Better Place: Turning Israel into electric car country
Israel could be the first country with a nationwide electric car network, thanks to Better Place. A battery swapping station just opened outside Tel Aviv.
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"What Better Place is doing is definitely preferable to running on gasoline or diesel, and they have a large advantage in that they are moving the pollution from city centers to the periphery," says Dana Tabechnik, a lawyer specializing in air pollution and energy at the Israeli Union for Environmental Defense. But because the electricity will come from coal- or gas-fired power plants, she says, "there is no reduction in greenhouse gases."Skip to next paragraph
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Another concern is how the majority of customers will power their cars. The Fluence ZE will be Israel's first mass-market electric car, but other importers are looking to bring in competitors. Israeli regulators are now drafting the standards for car charging, and they include a prohibition on plugging into regular home outlets. (The ban would not target Better Place's home stations.) According to the Ministry of National Infrastructures, this is for safety. But Mr. Rivlin says it gives Better Place a leg up because they already have charging spots set up nationwide.
"What we see here is a monopoly of the supply of electricity by Better Place," Rivlin says.
Better Place spokeswoman Julie Mullins says customers should not have to pay for electricity at home twice when their monthly subscription fee already includes energy for fill-ups, along with car software that helps drivers find power stations for long trips. Plugging into a system monitored by Better Place also allows the company to manage how much electricity it uses at any point, to prevent regional overloads. Further, the company uses the standard international plug for electric cars, so the cars will charge off any legal socket.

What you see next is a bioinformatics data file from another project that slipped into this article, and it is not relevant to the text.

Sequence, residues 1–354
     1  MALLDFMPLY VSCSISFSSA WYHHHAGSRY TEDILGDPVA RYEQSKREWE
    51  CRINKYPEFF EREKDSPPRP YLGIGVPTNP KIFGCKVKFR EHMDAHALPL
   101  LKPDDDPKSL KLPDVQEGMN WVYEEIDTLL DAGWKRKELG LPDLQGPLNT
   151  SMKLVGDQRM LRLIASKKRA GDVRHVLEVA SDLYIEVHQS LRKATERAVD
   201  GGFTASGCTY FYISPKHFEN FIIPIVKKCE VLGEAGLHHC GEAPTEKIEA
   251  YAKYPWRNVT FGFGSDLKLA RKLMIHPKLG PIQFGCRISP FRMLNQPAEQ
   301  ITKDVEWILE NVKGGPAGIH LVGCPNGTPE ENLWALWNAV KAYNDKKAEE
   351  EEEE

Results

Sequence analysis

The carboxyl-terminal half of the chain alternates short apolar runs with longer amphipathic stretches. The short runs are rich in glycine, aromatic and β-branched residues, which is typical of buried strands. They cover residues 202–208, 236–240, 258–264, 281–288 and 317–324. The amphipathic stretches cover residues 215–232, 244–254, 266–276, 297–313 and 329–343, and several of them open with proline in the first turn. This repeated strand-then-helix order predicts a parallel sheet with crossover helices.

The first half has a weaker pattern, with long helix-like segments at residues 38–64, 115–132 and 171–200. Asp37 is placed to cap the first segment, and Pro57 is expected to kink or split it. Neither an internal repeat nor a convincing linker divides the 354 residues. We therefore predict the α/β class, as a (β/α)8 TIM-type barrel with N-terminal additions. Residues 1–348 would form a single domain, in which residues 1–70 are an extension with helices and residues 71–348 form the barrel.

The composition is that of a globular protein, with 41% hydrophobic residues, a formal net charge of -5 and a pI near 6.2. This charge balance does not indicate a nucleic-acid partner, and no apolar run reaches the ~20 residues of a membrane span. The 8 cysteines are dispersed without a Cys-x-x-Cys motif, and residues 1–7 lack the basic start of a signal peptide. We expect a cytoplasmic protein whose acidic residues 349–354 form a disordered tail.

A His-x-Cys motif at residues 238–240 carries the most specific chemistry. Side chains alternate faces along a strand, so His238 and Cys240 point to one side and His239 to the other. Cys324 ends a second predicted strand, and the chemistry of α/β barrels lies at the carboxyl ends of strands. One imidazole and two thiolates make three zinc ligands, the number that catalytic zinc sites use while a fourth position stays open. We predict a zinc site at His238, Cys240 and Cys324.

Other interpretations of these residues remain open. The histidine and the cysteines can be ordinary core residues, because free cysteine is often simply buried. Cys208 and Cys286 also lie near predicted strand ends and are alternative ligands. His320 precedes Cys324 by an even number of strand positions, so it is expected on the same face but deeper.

Better Place "welcomes any competitor that will enable competition and mass transition to electrical transportation," Ms. Mullins wrote in an e-mail.
Better Place plans to be completely up and running by early 2012. More than 70,000 people have visited the Better Place showroom in Tel Aviv since it opened in February 2010.
Denmark is roughly on the same track. In early March, Better Place announced the pricing scheme there, which will be about $38,000 for the car, an additional $1,909 for a home charging station, and a monthly subscription fee of between $283 to $567, depending on miles driven. Israeli prices have yet to be announced.
The electric car will not be an all-around environmental solution. But Better Place holds that there is only so much the average person will do for the planet. "Asking people not to drive is not a reality we live in," Mullins says. "People need their cars. They need to get to work. So if we can do it in a way that's cleaner and that helps create a market for renewable energy, then that's a great step forward."